Apparently Jesus is perfectly willing to say to churches, “repent, or else.” And the “or else” includes things like coming against the unrepentant like a thief, waging war against them, and potentially even killing them (and their children). If our gospel-centeredness protects us from the rebuke of Christ, if our gospel-centeredness diminishes the dread fear of his majesty, and the whole-hearted yearning to please him, then indeed “we must pay much closer attention to what we have heard, lest we drift away from it” (Hebrews 2:1).
Kyle Strobel recently wrote a piece on the spiritual dangers of being “gospel-centered.” I’m probably not the best person to write a detailed response, since I don’t know Kyle or the context for his concerns, and since my experience of gospel-centeredness has been positive where his has been negative. In fact, in the circles I run, the label “gospel-centered” has referred to theology and attitudes and behavior and instincts that serve precisely the end of Kyle’s concerns: to humble people under the Lordship of Christ, not raise them up in the power of the flesh. I hope someone who understands Kyle’s post better might respond to it more closely.
Instead of responding, I’d like to try to receive Kyle’s critique and consider what we who espouse the label “gospel-centered” can learn from it. After all, he does raise some valid concerns—for instance, about gospel-centeredness becoming formulaic, or about the work of Christ eclipsing his person. I don’t doubt that some expressions of gospel-centeredness do fall into these errors, even while healthier variations of gospel-centeredness should remain aware of them as potential dangers. So I’m writing to those sympathetic to the idea of gospel-centeredness and asking: how can we avoid imbalance, formulism, or a sectarian mindset?
Amidst a myriad of other things we could also do, I have two suggestions: (1) read the Puritans and (2) study Revelation 2-3.
The Message and the Man
One of Kyle’s repeated concerns throughout his article is that we can so emphasize our conceptual understanding of the gospel that we lose sight of the actual person of Christ. “Rather than standing before Christ giving an account for ourselves, we can hide behind the ever-so-comfortable formula of the Gospel.” My brother Dane made this same point well in his review of Barbara Duguid’s Extravagant Grace:
[Some books] are rich in exploring the gospel but feel a bit formulaic. The word of grace is reflected on but not the Man of grace. Ironically similar to the Roman Catholicism with which such book are otherwise in stark contrast, “grace” becomes almost a substance, a thing, a stockpile, that is lavishly given to us.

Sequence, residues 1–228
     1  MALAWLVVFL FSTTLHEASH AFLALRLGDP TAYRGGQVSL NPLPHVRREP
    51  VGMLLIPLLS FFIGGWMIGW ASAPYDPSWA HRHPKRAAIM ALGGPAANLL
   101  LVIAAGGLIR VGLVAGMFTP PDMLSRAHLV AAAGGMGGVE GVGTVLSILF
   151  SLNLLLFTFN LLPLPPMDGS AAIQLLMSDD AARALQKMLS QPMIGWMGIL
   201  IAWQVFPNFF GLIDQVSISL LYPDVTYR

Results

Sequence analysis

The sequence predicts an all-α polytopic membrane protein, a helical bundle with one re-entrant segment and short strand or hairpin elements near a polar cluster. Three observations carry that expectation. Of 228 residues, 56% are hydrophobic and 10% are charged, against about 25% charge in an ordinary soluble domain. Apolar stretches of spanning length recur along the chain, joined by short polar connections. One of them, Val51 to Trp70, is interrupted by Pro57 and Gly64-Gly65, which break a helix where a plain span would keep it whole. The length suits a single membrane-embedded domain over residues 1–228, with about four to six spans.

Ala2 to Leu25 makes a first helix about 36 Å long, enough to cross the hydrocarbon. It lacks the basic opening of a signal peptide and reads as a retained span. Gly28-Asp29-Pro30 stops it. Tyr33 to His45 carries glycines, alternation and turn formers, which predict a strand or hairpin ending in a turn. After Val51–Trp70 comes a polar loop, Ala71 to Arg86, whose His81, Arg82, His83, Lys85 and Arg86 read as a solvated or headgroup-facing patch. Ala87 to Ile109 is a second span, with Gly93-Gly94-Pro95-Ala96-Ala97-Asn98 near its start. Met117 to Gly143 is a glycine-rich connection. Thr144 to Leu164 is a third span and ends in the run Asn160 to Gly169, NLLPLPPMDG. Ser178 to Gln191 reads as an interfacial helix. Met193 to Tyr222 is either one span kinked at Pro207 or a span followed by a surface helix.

This is an important concern because the gospel does indeed come to us most deeply not as an idea, but as a Person. We receive grace in the context of vital union and communion with him: moment-by-moment repentance, worship, listening to his voice, striving to please him, etc. Just as in Narnia, the fundamental impulse of the children isn’t cognitive reflection on the Stone Table: they just love Aslan and long for his appearance. Any expressions of gospel-centeredness that lack this full-blooded, experiential dynamic are defunct or defective.
It is just here that I think the Puritans can help us. Why the Puritans? Well, they are the direct spiritual and theological forbearers of the modern gospel-centered movement, and simultaneously provide the richest theology of sanctification in church history. The Puritans were “gospel-centered” and “Christ-centered” (in all that is good about those terms) before it became hip, and they avoided the mistakes that we tend to make today. In particular, I suggest we read more books like:
- Richard Sibbes, The Bruised Reed
- John Owen, The Mortification of Sin (or anything by John Owen)
- Thomas Watson, The Doctrine of Repentance
The Puritan vision of the Christian life was rich in the doctrines of grace while remaining sensitive to the dynamics of how grace operates in everyday life. It was grounded both in the man and the message; it was both intellectually deep and spiritually wise. Owen would speak of those who “decay in grace,” for instance. Is that even a category for us today in our understanding of gospel-centeredness?